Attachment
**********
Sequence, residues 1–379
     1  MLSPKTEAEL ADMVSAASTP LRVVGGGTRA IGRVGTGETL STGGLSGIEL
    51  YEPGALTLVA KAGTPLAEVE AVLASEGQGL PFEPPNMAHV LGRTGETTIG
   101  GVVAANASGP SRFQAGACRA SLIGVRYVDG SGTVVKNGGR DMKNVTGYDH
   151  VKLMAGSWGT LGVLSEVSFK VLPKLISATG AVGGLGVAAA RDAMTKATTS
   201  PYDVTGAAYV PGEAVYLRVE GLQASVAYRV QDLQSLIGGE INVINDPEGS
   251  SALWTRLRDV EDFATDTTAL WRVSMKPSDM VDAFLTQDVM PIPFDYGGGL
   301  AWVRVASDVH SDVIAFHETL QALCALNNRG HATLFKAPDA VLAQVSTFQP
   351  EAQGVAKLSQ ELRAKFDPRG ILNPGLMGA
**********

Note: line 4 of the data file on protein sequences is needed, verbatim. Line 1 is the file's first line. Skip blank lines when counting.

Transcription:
   101  GVVAANASGP SRFQAGACRA SLIGVRYVDG SGTVVKNGGR DMKNVTGYDH